Agro-dealers trading with hybrid maize seed producer, Monsanto, have been urged to focus their business on cash sales as opposed to relying much on the government-run Farm Input Subsidy Programme (Fisp).
This was said during an interface meeting the company had with Southern and Eastern region agro-dealers.
Monsanto Channel Account Manager, Dennis Kachikho, said it is important for the agro-dealers to re-position themselves in the event that government exits the subsidy programme.
“Let us base our businesses on cash sales and not on Fisp coupons. We need to market our products to farmers who can buy on cash basis, and Fisp should just be an added advantage,” he said.
Kachikho further said the introduction of Fisp in the country has helped farmers move from local seed varieties to hybrid seeds.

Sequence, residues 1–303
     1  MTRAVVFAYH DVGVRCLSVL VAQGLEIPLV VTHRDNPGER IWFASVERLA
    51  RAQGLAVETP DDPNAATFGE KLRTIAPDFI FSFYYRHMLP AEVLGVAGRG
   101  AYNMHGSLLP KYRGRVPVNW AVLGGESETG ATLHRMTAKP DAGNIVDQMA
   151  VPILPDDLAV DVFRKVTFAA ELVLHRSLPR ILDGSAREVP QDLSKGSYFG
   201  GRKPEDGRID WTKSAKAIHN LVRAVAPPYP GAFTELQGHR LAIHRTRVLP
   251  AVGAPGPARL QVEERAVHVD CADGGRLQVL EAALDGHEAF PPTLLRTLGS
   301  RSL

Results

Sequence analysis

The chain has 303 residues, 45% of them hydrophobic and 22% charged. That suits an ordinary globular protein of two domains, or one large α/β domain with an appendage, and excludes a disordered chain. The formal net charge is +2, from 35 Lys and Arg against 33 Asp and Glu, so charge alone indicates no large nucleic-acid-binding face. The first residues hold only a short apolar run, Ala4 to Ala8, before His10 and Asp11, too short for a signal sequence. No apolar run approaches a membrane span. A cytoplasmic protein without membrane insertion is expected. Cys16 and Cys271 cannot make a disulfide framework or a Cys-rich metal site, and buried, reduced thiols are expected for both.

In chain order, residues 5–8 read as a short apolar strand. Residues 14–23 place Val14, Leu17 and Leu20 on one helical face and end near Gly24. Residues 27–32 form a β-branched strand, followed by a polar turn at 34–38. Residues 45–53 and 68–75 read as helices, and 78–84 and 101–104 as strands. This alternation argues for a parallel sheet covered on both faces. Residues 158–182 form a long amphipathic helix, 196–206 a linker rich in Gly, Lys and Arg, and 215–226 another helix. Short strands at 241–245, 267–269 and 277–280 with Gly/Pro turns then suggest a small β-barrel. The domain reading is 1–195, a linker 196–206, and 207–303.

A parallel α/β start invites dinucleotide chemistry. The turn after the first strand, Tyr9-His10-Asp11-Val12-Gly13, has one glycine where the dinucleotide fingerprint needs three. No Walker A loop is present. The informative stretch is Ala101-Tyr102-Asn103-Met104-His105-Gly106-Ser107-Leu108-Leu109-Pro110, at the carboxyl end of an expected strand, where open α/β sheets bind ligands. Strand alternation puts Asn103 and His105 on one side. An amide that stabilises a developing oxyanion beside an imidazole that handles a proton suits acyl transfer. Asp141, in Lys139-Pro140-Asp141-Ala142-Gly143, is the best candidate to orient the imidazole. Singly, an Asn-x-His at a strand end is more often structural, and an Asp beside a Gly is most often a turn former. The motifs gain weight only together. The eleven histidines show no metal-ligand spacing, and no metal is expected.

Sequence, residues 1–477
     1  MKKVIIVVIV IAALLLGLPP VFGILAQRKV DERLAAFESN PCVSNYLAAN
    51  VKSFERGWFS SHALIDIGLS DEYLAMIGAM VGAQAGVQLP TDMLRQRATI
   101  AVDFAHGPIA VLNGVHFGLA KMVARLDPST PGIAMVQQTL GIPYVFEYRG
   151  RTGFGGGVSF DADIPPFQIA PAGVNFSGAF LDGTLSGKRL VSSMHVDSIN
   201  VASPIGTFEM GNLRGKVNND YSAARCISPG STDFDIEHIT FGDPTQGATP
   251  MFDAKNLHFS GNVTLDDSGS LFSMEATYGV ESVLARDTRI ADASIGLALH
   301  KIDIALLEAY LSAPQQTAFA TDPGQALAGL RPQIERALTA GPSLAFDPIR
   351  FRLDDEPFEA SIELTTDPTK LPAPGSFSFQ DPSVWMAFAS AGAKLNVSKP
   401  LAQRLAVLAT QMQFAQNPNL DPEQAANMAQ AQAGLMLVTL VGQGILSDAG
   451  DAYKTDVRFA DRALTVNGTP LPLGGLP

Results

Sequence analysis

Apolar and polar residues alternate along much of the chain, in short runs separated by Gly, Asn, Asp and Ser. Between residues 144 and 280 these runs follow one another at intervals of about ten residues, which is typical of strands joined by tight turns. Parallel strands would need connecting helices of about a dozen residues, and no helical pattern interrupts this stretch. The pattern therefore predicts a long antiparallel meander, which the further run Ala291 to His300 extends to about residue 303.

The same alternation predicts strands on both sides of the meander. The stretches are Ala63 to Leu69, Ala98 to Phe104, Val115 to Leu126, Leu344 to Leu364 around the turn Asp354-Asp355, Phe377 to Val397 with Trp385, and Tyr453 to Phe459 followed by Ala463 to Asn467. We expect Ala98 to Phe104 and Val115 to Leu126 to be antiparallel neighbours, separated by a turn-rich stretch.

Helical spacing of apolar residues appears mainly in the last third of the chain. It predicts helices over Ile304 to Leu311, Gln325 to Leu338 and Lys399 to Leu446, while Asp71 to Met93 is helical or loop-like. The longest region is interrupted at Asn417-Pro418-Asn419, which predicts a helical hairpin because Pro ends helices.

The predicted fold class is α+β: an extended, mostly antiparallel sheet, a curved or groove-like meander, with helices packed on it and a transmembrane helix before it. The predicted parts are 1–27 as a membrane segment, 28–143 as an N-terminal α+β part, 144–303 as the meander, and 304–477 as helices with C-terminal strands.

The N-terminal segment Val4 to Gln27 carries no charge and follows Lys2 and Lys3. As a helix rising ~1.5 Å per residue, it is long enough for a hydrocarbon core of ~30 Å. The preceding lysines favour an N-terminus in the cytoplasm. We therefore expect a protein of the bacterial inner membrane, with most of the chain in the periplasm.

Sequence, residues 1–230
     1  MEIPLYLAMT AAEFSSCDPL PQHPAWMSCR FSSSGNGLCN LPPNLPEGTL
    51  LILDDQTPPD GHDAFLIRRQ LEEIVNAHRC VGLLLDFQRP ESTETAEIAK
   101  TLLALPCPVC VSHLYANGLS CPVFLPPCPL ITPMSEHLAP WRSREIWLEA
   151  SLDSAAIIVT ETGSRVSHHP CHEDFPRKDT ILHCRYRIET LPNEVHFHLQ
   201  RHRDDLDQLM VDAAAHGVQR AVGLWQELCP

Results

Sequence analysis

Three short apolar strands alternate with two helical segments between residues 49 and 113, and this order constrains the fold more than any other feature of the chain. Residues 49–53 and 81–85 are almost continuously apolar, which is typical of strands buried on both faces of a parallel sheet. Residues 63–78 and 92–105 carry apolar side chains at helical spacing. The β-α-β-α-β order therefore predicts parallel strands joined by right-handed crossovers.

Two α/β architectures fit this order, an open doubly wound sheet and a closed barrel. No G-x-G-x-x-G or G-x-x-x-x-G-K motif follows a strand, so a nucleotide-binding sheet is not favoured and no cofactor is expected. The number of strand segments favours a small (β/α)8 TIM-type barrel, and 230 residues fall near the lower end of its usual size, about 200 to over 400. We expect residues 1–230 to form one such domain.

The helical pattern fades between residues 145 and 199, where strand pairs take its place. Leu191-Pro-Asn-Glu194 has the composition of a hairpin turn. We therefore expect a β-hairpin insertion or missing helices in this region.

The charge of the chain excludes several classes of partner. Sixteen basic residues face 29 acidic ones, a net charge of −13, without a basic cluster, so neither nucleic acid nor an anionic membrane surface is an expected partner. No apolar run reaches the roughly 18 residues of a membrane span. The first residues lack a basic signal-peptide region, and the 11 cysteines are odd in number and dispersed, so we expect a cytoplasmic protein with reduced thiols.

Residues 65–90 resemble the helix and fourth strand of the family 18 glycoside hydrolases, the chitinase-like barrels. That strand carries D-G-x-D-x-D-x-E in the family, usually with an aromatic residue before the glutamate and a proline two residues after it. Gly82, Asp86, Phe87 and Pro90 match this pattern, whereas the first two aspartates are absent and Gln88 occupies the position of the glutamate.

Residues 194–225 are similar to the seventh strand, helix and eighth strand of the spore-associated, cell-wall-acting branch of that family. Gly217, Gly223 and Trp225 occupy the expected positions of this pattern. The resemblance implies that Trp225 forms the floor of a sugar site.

“We appreciate the role the government has played in promoting hybrid seed varieties in the country and, as a company, we are here to provide seeds that will make the country food secure and address food shortage issues,” Kachikho said.
One of the agro-dealers, Samuel Mkwate, said the delay in coupons distribution has shown that farmers now appreciate the importance of buying certified hybrid seeds.
“With climate change, we need seed varieties that can do better with little rains and the coming in of these hybrid seeds has helped the country to remain food secure and still rely on agriculture as its major contributor to the economy,” Mkwate said.